Love in Action
Open Your Bible
1 John 3:11-24, Deuteronomy 15:7-11, John 16:7-14, Romans 12:9
The weather had just changed from Southern hot to cool in Tennessee. Ordinarily this would have filled my little country heart with the brisk optimism that comes from a change in season: the autumnal joys of dark blues skies, scarlet leaves, and bright fires. But last year, the cold weather had me thinking crazy thoughts about swimming squirrels. Just a year before, we had three squirrels go for a swim in our pool over a stretch of three days. Now fall weather unexpectedly conjures up images of bushy tails, all wet and wilted, and tiny paws carefully paddling in cold turquoise water.
We’re not sure what exactly possessed the squirrels to swim, but I think they did it for love. I hypothesize that each successive swimmer was trying to rescue its predecessor. I think it’s a love story about a family of squirrels who were willing to stand up (or, in this case, dive in) and look death in the face as a way of looking after each other: Fear not, Mother Squirrel! I’m coming in after you! I don’t know a lot about the internal motivation of the squirrel, but I know the drive to protect loved ones is strong, no matter who you are.
John learned about love from the Master. He got to spend years watching how Jesus loved people, and here is his conclusion: “Let us not love in word or speech, but in action and in truth” (1John 3:18). The love of Jesus is love in action. And this active love was not just limited to foot washing and lake fishing. “This is how we have come to know love: He laid down His life for us. We should also lay down our lives for our brothers and sisters” (v.16).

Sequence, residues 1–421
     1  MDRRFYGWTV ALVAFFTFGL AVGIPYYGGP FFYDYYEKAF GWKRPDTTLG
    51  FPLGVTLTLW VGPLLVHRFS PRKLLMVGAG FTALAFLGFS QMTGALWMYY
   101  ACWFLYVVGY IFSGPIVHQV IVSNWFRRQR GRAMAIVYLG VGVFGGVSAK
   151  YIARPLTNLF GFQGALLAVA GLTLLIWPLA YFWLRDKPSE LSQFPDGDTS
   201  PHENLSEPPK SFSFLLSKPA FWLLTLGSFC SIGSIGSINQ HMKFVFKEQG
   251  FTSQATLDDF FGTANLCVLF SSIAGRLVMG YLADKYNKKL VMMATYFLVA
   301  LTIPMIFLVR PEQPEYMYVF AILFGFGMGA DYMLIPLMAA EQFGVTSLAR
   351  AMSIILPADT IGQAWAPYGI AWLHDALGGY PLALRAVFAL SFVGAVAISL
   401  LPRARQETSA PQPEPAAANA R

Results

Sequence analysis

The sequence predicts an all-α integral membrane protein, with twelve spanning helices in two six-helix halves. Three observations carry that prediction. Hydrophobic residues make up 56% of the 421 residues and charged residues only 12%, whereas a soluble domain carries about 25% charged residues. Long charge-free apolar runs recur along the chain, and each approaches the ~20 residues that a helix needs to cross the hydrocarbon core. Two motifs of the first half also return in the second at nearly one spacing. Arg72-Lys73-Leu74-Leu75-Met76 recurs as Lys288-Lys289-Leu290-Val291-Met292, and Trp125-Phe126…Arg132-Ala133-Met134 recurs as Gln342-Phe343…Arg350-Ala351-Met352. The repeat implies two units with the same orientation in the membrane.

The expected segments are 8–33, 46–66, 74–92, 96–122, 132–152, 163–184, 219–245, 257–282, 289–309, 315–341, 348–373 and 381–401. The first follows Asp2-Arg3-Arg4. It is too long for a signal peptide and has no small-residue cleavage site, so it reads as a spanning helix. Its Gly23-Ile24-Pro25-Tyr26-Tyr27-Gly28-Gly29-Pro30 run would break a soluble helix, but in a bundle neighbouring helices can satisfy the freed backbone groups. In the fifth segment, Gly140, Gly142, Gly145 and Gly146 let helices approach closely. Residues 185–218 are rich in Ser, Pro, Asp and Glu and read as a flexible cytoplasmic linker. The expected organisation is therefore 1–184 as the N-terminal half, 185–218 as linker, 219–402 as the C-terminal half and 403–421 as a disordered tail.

I don’t know about you, but the kind of love I’m willing to offer is this: I’ll help you move into your apartment, I’ll let you choose the restaurant, and I’ll include you, even though you’re not that funny—and that’s for my friends! But when Jesus died for us, we were still His enemies; “while we were still sinners, Christ died for us” (Romans 5:8). How much more then, should we lay down our lives for our brothers and sisters?
Love is hard. Real love means real sacrifice and compromise, and unpleasantness. Jesus is our example of love in action. He literally laid down His life for us.
This kind of love feels big. Most of us have experienced some great big feeling of love, so it seems like a natural step that we can grit our teeth and turn those feelings of love into huge, selfless actions of love. It’s sometimes possible for us to swing glorious acts and promises of love when we are at our very best, dressed in our finest, with our loved ones standing around sporting giant smiles. But we are also called upon to make good on those promises at three in the morning, when no one is watching and grand gestures are the last thing on our minds. No amount of effort is enough for me to love with the consistency, action, and sacrifice that I see in the life of Christ.
How can I follow Christ’s example? And how can I teach my children to love if I can’t even love them enough to make sure all six of them have clean teeth, let alone lay down my life for them day in and day out?
Here’s the element that changes everything: I am God’s child; He calls us His children. This means that when we love, no matter what time of day it is, we aren’t loving out of our own strength—we love in His strength. Christ’s example isn’t just an example; His love is also what enables us to love with action, because “he remains in us” (1John 3:24).
We were certainly created for love. And in our effort to show love, we will find ourselves laying down our lives for each other in some scary places, like jumping into a cold swimming pool or giving care to someone with no hope of reward. We can’t cut it in our own strength, but Christ’s call to love in action comes with a promise that He is with us, even to the very end.